jQuery .keyup() vs .change() vs .bind()

I’ve found that using .keyup() in jQuery doesn’t always work like I want. For example, if I want to ensure that a user can’t put a special character into an input field I want to check for that character every time the input changes. Only using .keyup() allows someone to right-click and paste a bad value in.

Instead I use .bind(“change keyup input”) to catch all changes on an input field, regardless of how they are done.

For example:

// detect the change
$('input#myId').bind("change keyup input",function() {
    // if there's a bad value
    if (this.value.match(/[^a-zA-Z0-9\-_\s]/g)) {
        // replace it with nothing
        this.value = this.value.replace(/[^a-zA-Z0-9\-_\s]/g, '');

Pretty simple, eh?

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Eric is a jack of all trades. From running social networks to internet cafes, he’s been in the startup scene for almost a decade. Recently returned from a stint at Start-Up Chile, Eric spends his days focusing on his startups Backup Box and Surreal WiFi.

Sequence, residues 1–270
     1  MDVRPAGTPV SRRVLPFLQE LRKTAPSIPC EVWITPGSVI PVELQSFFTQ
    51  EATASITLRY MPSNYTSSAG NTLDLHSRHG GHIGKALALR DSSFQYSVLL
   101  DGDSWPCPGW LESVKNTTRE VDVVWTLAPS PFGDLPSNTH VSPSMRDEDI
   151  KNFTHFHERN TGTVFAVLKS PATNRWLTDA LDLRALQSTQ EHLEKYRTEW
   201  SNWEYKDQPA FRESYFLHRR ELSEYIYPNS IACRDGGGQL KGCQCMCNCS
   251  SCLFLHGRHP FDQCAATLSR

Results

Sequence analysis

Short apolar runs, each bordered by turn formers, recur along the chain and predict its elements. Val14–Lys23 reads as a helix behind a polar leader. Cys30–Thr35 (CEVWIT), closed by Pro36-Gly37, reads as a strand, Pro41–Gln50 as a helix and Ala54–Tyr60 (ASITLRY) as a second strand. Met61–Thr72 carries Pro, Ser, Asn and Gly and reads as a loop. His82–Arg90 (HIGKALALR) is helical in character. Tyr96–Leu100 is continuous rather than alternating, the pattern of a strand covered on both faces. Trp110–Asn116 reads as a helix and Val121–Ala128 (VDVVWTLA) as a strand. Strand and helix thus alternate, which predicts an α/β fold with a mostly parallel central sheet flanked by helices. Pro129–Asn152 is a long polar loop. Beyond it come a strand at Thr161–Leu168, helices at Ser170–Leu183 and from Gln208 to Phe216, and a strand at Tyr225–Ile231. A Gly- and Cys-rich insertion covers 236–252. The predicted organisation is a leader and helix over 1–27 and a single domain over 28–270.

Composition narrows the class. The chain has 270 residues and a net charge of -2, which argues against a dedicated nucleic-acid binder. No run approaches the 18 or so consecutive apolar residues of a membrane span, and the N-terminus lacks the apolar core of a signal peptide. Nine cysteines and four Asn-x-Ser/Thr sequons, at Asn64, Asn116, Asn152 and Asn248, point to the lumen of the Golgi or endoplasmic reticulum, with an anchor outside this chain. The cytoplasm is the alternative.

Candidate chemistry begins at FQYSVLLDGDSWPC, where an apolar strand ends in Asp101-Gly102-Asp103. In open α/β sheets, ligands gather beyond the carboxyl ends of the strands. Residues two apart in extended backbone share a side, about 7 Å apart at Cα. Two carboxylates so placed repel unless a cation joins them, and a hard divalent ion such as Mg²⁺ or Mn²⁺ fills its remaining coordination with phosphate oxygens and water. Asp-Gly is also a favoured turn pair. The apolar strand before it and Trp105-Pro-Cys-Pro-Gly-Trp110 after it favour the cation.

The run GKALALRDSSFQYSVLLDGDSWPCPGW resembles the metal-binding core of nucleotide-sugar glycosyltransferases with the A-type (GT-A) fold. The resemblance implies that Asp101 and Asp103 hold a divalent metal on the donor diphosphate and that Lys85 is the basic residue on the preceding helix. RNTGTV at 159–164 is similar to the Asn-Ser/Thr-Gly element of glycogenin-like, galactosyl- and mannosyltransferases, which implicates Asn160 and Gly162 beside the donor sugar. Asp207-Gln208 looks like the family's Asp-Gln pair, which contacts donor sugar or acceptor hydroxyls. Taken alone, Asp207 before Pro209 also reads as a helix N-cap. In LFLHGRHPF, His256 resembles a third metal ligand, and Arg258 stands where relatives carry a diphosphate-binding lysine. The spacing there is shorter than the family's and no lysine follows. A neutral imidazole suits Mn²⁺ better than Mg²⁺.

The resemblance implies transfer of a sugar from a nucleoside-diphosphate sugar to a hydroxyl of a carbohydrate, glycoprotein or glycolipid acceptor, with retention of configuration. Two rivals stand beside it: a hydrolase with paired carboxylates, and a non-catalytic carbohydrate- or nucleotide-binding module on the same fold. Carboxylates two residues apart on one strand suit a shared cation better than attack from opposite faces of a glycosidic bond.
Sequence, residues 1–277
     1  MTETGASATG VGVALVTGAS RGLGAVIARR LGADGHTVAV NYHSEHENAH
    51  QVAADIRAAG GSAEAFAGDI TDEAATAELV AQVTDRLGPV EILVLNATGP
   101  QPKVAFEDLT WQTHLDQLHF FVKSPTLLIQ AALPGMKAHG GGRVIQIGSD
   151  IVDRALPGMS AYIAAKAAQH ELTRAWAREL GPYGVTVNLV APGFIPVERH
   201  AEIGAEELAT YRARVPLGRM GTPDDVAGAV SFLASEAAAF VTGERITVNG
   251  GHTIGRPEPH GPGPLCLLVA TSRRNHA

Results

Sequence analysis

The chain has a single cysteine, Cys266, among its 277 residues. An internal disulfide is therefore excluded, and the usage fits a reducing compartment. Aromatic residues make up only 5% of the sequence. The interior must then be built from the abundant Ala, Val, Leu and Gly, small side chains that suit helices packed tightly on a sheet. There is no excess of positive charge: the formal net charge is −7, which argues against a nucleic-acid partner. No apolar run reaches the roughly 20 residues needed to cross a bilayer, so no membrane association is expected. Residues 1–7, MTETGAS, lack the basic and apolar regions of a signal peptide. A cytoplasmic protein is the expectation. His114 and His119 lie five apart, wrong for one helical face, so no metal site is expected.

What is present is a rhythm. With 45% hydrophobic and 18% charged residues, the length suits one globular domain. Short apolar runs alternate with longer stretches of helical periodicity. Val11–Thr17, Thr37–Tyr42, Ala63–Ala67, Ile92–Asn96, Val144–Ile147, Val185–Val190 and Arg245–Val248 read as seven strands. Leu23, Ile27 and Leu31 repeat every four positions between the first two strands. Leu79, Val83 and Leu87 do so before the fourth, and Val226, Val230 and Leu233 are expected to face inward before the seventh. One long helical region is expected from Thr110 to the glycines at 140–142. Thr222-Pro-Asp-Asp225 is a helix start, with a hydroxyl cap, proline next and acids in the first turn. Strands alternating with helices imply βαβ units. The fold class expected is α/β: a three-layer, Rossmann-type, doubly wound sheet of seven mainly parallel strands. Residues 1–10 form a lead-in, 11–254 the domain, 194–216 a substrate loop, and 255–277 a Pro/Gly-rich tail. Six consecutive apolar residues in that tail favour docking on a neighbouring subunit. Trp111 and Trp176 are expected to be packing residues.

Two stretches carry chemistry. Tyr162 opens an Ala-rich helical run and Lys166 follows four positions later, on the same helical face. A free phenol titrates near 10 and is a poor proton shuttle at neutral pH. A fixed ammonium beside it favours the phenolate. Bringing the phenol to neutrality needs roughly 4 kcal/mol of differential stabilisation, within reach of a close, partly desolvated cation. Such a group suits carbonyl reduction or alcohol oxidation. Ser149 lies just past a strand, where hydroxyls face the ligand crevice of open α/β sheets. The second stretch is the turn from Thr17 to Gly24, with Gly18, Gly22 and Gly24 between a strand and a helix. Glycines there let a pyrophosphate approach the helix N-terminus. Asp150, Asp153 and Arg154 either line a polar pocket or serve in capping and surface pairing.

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  • http://www.philwebservices.com/ web design philippines

    Well, thanks for this. I hope it will work on mine.

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  • Anders Sjöqvist

    Is there a reason to first check for matches before doing the replacement? Would calling replace() immediately be less performant or does it trigger more events?

  • Michael Hjulskov

    Thanks for sharing
    I think you can also use
    .on(‘keyup paste change input’)
    and get the same result, right?